NEARLY half of Bolton parents are failing to pay compulsory child support to their ex-partner, new figures reveal.

Charity Gingerbread, which supports single parent families, says children who could be lifted out of poverty by the financial help are being failed.

And it says the figures are likely to rocket as a Department for Work and Pensions overstretched by the pandemic is not chasing up owed cash.

A separated parent can be forced to provide child maintenance through a Collect and Pay service if they cannot arrange payments with their former partner.

But DWP data shows parents in Bolton failed to pay into such schemes on 493 occasions between January and March.

That was 46 per cent of Collect and Pay arrangements – slightly above the country's average of 44 per cent.

The figures include "arrears only cases" for which no ongoing child maintenance was due in the three months.

Joe Richardson, research and policy officer at Gingerbread, said the national figure is “evidence of a government service continuing to fail the children it is supposed to protect”.

He said: “We expect the next set of figures to show that arrears have skyrocketed when they include the full effect of the DWP’s decision to not investigate any reductions to child maintenance payments made by a non-resident parent due to the pandemic.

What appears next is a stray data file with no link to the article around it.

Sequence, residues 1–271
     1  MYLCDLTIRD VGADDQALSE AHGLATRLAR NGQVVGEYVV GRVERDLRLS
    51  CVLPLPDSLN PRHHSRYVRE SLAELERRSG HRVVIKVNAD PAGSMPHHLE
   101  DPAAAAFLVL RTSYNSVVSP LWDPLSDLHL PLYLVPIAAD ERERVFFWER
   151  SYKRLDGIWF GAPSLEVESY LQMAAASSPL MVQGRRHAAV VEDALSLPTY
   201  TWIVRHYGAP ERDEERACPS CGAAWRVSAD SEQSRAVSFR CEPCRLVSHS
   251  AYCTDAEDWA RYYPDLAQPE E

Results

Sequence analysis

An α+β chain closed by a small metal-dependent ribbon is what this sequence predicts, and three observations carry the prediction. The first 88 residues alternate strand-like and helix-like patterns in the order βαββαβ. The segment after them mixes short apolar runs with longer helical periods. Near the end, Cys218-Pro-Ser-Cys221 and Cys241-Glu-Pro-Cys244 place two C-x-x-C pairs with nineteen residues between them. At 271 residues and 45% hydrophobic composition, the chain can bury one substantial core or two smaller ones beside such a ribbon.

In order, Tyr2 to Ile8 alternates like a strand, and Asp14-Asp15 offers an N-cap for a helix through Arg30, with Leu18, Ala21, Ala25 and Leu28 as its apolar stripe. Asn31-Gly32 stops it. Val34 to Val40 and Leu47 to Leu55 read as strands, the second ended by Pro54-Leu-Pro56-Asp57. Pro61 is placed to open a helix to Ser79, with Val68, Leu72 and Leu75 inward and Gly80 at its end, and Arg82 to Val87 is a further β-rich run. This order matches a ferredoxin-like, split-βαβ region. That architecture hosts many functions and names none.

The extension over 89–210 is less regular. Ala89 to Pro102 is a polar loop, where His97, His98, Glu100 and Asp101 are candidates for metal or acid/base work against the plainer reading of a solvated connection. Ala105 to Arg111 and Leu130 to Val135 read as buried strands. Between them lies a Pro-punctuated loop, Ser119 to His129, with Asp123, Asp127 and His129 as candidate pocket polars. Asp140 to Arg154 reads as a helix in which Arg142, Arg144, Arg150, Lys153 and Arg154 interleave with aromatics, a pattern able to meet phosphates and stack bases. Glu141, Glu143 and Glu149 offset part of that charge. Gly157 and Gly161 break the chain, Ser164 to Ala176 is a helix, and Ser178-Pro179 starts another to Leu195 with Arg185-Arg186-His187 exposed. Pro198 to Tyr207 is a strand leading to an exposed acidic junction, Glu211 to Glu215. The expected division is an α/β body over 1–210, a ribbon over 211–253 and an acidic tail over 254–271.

“Research has shown that for those who are owed maintenance and are living in poverty, being paid the child maintenance they are due would lift around 60 per cent of them out of the poverty trap.

The scheme, which is run by the Child Maintenance Service, is meant to help with the everyday living costs of looking after children.

Some mums and dads are able to agree on payments privately.

A DWP spokesman said: “Parents using this time as an excuse to avoid paying what they owe are denying their children the best start in life.

"We will consider appropriate enforcement action on a case by case basis for any parent who is found to be abusing the system. We have introduced tough child maintenance powers to help ensure children receive the financial support they deserve, with 70 per cent of child maintenance due in the Collect and Pay service successfully collected in the three months to March – up from 50 per cent in 2016.” Staff had been redeployed to deal with demand for Universal Credit.